This morning Apple debuted an 8GB version of the iPhone 5c, which features less storage than the previous base model and, fittingly, a smaller price tag. The unsubsidized 8GB 5c is currently only available in the UK, Australia, and China, and it will sell for about $66 less than the 16GB model that was released last year. There is speculation that the 8GB will make its way to the US as well, and in that case, The Verge predicts it will retail for about $499, or $50 less than the 16GB version.
This would be all well and good for US shoppers who prefer to pay in full for a new handset, and circumvent service contracts. As we've mentioned before, this route will save you quite a bit of cash down the line. However, there are still a vast majority of users who prefer the standard subsidy model (or some variation on it, like installment plans with a suspiciously similar down payment); as of late January, two-thirds of cell phone users were on a contract.
Thus, if the 8GB iPhone 5c makes its way to US shores, it will likely also lodge its way into the subsidization model. Given past trends, we'd wager it might cost $49 after a 2-year contract. And while this, too, may seem like an excellent move in a budget-friendly direction, the 8GB 5c is actually pretty disappointing for consumers who are tied to the contract model.
The 16GB 5c Was Already Free with Contract
To date, we have seen the 16GB iPhone 5c drop to $50 or less at least once a month since its debut, and each of the big three contract carriers — AT&T, Verizon, and Sprint — have made the phone available for free with a contract at some point. As such, there has been no shortage of inexpensive 5c deals.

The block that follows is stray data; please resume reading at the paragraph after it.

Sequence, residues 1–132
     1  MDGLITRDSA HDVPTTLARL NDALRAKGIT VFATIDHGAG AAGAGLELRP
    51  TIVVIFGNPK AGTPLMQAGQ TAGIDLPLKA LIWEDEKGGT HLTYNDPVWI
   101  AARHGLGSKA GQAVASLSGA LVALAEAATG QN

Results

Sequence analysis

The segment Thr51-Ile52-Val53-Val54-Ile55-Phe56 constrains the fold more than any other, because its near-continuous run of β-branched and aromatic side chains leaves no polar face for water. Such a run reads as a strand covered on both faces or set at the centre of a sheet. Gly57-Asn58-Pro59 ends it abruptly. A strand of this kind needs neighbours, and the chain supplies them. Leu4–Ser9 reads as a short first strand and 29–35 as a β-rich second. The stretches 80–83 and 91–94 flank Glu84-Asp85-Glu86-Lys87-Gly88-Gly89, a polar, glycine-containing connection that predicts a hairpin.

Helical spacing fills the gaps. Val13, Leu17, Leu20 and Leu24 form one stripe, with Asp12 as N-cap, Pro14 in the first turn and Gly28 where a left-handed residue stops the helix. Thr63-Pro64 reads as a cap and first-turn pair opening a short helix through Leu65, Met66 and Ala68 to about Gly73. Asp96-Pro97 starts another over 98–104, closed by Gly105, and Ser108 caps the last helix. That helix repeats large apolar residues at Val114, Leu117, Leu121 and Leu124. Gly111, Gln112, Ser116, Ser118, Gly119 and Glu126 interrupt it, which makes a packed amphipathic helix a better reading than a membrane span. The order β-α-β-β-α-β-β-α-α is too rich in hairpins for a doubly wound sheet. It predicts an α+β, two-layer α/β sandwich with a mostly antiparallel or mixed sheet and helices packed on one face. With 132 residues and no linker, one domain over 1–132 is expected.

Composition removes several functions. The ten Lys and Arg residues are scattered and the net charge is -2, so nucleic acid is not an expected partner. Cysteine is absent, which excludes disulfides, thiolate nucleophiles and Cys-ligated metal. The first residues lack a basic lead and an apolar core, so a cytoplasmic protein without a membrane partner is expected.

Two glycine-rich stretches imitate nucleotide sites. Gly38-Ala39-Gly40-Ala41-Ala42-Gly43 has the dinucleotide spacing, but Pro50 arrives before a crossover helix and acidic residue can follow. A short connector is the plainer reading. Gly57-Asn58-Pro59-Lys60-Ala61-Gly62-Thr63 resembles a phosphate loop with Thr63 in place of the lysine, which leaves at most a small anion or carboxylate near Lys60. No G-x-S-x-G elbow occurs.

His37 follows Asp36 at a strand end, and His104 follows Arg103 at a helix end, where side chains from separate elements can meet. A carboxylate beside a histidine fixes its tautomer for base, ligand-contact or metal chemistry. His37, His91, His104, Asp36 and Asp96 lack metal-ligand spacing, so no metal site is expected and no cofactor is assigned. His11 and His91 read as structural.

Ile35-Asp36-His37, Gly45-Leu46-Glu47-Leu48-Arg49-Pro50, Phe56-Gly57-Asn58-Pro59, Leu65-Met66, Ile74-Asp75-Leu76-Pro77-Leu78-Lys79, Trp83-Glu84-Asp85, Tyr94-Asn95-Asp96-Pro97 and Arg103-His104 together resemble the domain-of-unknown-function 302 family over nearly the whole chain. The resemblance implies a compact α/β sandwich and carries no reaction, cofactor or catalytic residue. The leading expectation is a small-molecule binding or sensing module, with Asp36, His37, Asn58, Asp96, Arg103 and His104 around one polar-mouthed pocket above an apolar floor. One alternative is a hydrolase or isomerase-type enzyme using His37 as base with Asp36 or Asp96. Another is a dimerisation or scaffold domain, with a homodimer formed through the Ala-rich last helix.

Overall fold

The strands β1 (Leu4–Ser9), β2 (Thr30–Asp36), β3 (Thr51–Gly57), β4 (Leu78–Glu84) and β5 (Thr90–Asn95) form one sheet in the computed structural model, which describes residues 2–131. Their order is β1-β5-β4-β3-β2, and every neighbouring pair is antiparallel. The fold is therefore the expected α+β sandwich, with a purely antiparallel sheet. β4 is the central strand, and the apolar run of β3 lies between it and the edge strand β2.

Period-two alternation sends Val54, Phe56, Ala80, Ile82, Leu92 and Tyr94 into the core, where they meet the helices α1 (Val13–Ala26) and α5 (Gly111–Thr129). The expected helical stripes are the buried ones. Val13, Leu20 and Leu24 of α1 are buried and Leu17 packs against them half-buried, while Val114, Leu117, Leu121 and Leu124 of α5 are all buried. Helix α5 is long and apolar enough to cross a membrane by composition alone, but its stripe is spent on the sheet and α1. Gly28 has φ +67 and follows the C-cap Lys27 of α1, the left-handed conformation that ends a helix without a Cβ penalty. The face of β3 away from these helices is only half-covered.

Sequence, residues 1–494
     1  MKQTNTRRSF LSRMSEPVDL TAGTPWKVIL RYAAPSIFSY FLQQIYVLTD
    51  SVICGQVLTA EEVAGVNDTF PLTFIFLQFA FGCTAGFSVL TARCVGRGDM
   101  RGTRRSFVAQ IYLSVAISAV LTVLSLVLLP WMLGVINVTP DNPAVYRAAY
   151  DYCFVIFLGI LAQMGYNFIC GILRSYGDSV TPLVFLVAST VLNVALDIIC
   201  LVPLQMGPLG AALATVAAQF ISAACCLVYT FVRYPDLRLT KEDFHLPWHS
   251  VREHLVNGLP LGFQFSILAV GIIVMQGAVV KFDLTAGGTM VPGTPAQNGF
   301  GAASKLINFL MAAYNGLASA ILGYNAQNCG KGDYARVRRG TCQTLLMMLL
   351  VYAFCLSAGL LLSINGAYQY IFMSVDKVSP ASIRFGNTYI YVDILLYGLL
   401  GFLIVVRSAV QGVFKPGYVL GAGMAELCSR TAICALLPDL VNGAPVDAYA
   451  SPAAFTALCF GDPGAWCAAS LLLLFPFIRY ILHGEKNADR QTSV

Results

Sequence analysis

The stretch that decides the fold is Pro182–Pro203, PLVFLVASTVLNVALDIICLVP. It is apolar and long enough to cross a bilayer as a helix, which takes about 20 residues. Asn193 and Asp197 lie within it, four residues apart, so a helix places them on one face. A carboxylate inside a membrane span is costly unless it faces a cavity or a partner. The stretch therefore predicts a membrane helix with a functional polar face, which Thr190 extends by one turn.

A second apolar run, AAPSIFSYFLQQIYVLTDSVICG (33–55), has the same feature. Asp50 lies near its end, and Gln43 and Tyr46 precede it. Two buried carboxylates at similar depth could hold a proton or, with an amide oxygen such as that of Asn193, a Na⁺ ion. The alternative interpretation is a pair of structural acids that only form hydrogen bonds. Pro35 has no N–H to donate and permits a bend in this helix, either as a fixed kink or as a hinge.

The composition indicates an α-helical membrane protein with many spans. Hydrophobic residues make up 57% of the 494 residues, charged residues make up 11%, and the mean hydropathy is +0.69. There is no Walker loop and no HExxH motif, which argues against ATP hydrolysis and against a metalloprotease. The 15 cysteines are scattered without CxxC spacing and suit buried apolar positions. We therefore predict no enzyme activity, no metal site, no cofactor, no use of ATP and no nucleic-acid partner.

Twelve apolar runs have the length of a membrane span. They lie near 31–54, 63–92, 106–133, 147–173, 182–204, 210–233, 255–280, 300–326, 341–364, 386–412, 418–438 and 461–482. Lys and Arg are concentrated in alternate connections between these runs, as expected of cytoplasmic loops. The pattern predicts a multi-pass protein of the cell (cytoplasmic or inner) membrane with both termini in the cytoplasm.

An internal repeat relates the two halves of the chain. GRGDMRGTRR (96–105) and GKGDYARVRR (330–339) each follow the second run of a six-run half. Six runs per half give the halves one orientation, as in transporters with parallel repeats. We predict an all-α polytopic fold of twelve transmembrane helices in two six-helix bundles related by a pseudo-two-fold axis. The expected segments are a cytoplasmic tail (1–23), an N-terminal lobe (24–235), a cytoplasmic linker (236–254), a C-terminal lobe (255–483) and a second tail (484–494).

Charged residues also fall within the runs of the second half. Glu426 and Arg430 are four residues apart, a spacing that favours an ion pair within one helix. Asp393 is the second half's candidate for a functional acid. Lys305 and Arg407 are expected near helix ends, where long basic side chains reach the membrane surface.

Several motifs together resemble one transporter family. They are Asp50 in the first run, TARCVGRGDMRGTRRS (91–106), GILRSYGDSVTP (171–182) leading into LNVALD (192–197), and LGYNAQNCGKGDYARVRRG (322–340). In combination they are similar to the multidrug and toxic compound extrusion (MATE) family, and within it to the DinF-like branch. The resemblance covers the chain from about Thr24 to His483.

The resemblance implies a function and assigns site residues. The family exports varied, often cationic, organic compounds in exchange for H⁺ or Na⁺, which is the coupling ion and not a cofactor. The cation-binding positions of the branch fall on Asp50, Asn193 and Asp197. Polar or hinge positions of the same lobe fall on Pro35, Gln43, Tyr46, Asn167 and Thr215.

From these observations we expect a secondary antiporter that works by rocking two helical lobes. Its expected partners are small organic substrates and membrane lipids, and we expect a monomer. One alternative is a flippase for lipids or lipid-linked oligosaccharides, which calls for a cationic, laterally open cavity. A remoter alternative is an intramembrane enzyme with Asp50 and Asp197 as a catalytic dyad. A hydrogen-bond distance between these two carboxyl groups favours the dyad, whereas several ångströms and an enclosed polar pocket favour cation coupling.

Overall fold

However, this is unlikely to continue if the 8GB occupies a new, lower price tier. After all, why should Best Buy knock the 16GB down to $0 again, if the cheaper 8GB is around? If it were indeed added to the subsidization model, consumers will soon be getting less value for the same money they could have paid just a few months ago.
Of course there's always the chance that this price point might bring current-generation iPhone deals to a new, lower level; for example, we frequently see "for profit" deals (in which a bundled gift card ensures that the consumer actually makes money from the purchase) for Android phones; this has been rare for Apple's iDevices, but with a cheaper iPhone — and a model that hasn't been selling well — the odds seem better.
Readers, what do you think of a cheaper 8GB iPhone 5c? Does the lower price make you any more willing to buy? Would you rather spend your money on more storage?
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